Say what you will about The Milk Carton Kids’ old-world acoustic folk music — they know how to put on a show. On Thursday night, the SoCal duo returned to the Lobero for the third time, their first in the headliner position. As such, the show had a subtly celebratory air to it, from quirky start to big, standing-O finish.
The evening began with a set from North Dakota–bred singer/songwriter Tom Brosseau. For those of us born and raised on the West Coast, Brosseau’s particular brand of Middle America folk seems not only of another time but of another world. Alone with a guitar, he interweaves personal stories of his upbringing into nearly all of his hushed, gently plucked songs. And as far as arresting moments go, his “Hard Luck Boy” took Thursday’s top prize with its powerfully heartrending tale about how Brosseau was abandoned by his mother in a Midwest department store.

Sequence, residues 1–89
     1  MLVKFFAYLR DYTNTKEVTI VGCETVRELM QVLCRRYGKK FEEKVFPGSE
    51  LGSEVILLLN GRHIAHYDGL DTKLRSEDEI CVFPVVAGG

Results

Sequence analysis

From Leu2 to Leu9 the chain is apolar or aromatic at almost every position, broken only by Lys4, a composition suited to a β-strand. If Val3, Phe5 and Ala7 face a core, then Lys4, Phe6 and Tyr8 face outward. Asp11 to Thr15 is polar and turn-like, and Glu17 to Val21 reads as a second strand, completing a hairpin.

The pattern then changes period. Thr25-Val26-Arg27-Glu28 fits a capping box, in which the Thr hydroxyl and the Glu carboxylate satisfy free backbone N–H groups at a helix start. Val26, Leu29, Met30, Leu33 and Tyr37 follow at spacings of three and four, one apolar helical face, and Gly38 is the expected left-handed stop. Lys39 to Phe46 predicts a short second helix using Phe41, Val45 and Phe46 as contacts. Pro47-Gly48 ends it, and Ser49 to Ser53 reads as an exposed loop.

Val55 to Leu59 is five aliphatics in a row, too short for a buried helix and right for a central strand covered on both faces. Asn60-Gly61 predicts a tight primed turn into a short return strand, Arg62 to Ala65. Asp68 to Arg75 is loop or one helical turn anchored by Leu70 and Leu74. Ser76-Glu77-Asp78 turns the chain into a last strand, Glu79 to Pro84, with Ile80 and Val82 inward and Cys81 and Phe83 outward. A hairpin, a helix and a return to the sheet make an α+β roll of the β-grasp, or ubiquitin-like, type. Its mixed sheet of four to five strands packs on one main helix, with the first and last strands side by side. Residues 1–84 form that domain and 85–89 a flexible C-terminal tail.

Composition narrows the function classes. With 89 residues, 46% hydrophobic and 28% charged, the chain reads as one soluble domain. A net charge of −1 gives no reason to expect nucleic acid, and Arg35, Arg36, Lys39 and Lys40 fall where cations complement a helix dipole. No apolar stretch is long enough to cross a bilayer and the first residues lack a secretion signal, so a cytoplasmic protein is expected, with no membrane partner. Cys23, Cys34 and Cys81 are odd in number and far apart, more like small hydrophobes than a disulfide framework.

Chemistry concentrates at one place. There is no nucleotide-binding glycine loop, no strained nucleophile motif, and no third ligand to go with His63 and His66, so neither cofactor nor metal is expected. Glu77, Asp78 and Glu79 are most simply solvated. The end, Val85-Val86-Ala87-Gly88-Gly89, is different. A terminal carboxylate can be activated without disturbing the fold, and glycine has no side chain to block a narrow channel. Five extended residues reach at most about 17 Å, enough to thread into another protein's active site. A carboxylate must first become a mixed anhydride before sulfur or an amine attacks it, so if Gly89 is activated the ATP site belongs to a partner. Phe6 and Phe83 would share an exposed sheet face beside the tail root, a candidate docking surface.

For the evening’s second act, Joey Ryan and bandmate Kenneth Pattengale did more than pull their weight as headliners. Over the course of an hour and a half, the Kids zigged and zagged all over their catalog, delivering just enough big, breakneck-speed fretwork (“Honey, Honey,” “I Still Want a Little More”) to keep things lively. Of course, as fans will tell you, the band is at its best in the quieter moments in between, and Thursday’s show offered no shortage of gentle, resonating selections. Of special mention was the lyrically rich opener “Hope of a Lifetime,” “Stealing Romance,” and the late-set oldie “Memoirs of an Owned Dog.”
Still, it’s the way Ryan and Pattengale interact — in and out of song — that makes a Milk Carton Kids show a truly memorable experience, and on Thursday, the duo’s mix of unspoken musical interplay and Penn and Teller–style banter was firing on all cylinders. Revival music rarely sounds so good.